Mental Jetsam

By Peter Finch

Archive for June, 2007

C# Generics Enumerator Example

Posted by pcfinch on June 29, 2007

In order to implement a generics Enumerator, so that you can use a foreach on a class, in C# there is a bit of trick. If you are getting compilation error messages similar to the following then you have this problem.


'System.Collections.IEnumerable.GetEnumerator()'.
'Results.GetEnumerator()' is either static, not public, or
has the wrong return type.

Using the generic type 'System.Collections.Generic.IEnumerator<T>'
requires '1' type arguments

In order to implement an Enumerator correctly you need a IEnumerable.GetEnumerator() member and your need to include System.Collections. although this seems to go against logic, I believe this is because the new generics Enumerator system uses the “old” Enumerator in some way.


using System.Collections.Generic;
using System.Collections;

public class Results : IEnumerable<SearchResult>
{
  private LinkedList<SearchResult> m_results;

  public IEnumerator<SearchResult> GetEnumerator() {
    foreach (SearchResult item in m_results)
      yield return item;
  }

  IEnumerator IEnumerable.GetEnumerator() {
    return GetEnumerator();
  }
}

This will allow you to do the following.


Results results ;
foreach (SearchResult result in results)
  System.Console.WriteLine(result.Title);

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Reading number fields form Oracle in C#

Posted by pcfinch on June 19, 2007

If you are using C# and are trying to read a field from an Oracle table defined as NUMBER then when you try to access the field from a C# OleDbDataReader using the GetInt32() member, you may get the a “Specified cast is not valid” exception. I found that reading a number from Oracle tables using the GetDecimal() works without an exception.

OleDbCommand cmd = db.createCommand(
  "Select TOPID_ID from TOPICS");
using(OleDbDataReader dr = cmd.ExecuteReader()) {
  while (dr.Read())
  {
    int nTopicId = Decimal.ToInt32(dr.GetDecimal(0));
    Console.WriteLine(nTopicId) ;
  }
}

Posted in C#.NET | 1 Comment »

How to Process a HTTP XML Post in C#

Posted by pcfinch on June 15, 2007

This is a quick bit of code that can be used to read and decode XML data submitted to a C# HTTP web service (usually derived from a IHttpHandler) using the POST method. This is better that a GET as more data can be submitted and the data can be structured. In this example the incoming XML on the POST is…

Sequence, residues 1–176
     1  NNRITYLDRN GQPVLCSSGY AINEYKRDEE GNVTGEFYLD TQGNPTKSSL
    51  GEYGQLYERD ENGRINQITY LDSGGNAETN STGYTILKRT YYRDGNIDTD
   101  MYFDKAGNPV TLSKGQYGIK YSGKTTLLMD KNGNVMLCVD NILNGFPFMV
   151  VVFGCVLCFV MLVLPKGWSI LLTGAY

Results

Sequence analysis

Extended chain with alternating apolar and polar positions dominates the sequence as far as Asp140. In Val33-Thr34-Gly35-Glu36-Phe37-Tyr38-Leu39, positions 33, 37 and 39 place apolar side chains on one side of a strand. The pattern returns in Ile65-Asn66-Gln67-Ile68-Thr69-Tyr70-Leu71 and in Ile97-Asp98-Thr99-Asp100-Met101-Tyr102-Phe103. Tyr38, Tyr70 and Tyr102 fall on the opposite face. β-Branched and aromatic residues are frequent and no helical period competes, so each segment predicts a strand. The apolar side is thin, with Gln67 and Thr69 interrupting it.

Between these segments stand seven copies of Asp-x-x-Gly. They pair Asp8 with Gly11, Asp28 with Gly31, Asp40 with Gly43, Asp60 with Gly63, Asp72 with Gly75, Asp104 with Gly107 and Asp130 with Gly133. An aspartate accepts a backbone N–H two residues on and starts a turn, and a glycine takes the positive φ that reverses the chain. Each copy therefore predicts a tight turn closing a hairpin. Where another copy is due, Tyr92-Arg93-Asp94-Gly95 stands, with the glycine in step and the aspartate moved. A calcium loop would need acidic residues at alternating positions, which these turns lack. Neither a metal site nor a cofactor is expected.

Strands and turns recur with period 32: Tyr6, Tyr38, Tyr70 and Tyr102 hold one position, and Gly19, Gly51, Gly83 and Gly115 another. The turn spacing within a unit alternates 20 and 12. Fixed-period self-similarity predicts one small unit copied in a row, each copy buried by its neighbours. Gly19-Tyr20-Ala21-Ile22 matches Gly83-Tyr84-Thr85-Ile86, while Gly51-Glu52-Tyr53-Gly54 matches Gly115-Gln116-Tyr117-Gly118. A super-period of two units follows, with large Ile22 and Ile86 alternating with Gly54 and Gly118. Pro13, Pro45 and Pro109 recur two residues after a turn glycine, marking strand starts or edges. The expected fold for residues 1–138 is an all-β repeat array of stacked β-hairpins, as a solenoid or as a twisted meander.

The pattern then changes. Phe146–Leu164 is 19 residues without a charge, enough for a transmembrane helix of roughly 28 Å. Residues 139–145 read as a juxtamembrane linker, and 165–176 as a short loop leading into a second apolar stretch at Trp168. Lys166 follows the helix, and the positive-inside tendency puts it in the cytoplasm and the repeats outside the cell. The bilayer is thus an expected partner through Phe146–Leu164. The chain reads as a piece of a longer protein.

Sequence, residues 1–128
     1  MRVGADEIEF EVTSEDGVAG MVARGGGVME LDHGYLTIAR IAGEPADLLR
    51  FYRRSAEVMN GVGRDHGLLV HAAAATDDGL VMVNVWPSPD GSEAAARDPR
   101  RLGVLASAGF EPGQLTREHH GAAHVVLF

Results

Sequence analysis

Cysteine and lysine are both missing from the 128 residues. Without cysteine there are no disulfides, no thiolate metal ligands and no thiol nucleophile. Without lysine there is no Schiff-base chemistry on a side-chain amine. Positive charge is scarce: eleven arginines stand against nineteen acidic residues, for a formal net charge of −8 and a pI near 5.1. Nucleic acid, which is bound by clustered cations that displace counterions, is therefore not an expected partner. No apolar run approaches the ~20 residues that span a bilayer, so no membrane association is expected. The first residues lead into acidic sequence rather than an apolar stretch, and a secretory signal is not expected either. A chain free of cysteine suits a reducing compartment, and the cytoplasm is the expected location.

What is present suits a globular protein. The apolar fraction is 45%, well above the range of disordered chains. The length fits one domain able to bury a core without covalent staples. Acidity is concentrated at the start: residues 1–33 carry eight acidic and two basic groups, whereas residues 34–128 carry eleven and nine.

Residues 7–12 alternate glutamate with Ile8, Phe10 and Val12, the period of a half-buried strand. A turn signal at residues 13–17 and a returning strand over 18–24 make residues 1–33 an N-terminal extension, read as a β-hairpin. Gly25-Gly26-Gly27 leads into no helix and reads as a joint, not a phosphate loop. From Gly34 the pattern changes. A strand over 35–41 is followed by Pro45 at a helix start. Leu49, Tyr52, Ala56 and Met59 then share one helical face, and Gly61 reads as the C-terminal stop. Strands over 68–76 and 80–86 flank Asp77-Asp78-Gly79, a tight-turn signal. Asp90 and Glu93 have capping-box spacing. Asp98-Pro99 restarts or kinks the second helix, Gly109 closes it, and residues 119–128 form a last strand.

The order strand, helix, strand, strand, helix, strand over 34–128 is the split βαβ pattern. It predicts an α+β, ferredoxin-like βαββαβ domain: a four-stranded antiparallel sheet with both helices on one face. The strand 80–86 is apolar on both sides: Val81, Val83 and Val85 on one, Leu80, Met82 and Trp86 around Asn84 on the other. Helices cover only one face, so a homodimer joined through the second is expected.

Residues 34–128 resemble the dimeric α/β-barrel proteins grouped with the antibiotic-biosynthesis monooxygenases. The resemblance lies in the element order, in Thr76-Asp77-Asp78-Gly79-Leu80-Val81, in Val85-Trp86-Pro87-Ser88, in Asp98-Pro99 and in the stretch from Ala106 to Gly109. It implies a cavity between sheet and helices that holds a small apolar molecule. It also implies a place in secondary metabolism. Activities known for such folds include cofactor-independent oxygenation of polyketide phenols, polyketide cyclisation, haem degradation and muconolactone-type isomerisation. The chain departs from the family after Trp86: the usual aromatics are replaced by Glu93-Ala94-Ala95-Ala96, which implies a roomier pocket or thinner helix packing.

<Request>
<Header>
<UserId>fuzzy</UserId>
</Header>
<Body>
<AddPart>Screwdriver</AddPart>
<AddPart>Drill</AddPart>
</Body>
</Request>

Reading the XML data is really easy using the System.Xml API.

StreamReader reader = new StreamReader(
    context.Request.InputStream, System.Text.Encoding.UTF8);
String sXMLRequest = reader.ReadToEnd();
XmlDocument xmlRequest = new XmlDocument();
xmlRequest.LoadXml(sXMLRequest);

Once the XML has been loaded to a DOM, elements, attributes and text from the DOM can easily be extracted using the SelectSingleNode() and SelectNodes() members functions available on each node. Both functions take an XPath expression as input. This makes these two functions very powerful when processing the DOM.

XmlNode xmlUserId = xmlRequest.SelectSingleNode(
    "/Request/Header/UserId");
String sUserId = (xmlUserId != null) ?
    xmlUserId.InnerText : "undefined" ;
context.Response.ContentType = "text/html";
context.Response.Write("<br>UserId = " +
    sUserId);

XmlNodeList xmlParts = xmlRequest.SelectNodes(
    "/Request/Body/AddPart");
if (xmlParts != null) {
    foreach (XmlNode node in xmlParts) {
        context.Response.Write("<br>Add part to catalog : " +
            node.InnerText);
    }
}

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Using Unicode characters in python

Posted by pcfinch on June 7, 2007

It’s really easy to work with strings in Python, but when it comes to handling Unicode there are a few issues that you may have to deal with. The main problem you will have is using Unicode characters with devices (consoles) or in database that do not support Unicode. If you have tried printing a Unicode string and got the following message then you will have experienced the issue.

>>> string = u'\\u7279\\u6b8a Unicode'
>>> print string
Traceback (most recent call last):
File "<stdin>", line 1, in <module>
UnicodeEncodeError: 'latin-1' codec can't encode characters 
in position 0-1: ordinal not in range(256)

The issue is that Python is unable to convert the Unicode string into the encoding of the current terminal. A similar problem can also happen when trying to put Unicode data into a database that does not accept [has not been configured] to use unicode characters or send it via E-Mail. A couple of simple tricks using the very powerful “encode()” function can help a lot have make your code more resilient.

To convert a Uncode string so it can be displayed on an ASCII screen.

>>> print string.encode('ascii','replace')
?? Unicode
>>> print string.encode('ascii','ignore')
Unicode

A more useful approach is to escape the characters into another encoding. My favorite is to use XML character entities. The string can then be safely put into a the database field, sent out in E-Mails or placed in a HTML page.

>>> string.encode('ascii', 'xmlcharrefreplace')
'& #29305;& #27530; Unicode'

References.

Posted in Python | Leave a Comment »